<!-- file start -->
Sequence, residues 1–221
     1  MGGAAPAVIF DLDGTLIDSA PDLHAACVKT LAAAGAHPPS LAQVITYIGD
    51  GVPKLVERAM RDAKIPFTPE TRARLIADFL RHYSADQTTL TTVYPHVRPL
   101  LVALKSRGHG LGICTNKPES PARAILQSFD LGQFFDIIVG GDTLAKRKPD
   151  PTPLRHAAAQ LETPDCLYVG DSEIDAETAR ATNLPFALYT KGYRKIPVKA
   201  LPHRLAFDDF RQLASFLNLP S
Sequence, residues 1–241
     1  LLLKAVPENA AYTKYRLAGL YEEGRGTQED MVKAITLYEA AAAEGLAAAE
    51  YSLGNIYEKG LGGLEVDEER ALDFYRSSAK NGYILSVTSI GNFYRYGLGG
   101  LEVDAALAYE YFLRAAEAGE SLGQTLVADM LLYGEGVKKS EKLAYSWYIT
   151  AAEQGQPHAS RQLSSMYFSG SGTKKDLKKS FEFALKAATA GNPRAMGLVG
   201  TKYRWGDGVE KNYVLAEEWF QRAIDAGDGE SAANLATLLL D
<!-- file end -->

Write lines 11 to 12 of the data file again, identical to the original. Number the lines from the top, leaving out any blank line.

   151  AAEQGQPHAS RQLSSMYFSG SGTKKDLKKS FEFALKAATA GNPRAMGLVG
   201  TKYRWGDGVE KNYVLAEEWF QRAIDAGDGE SAANLATLLL D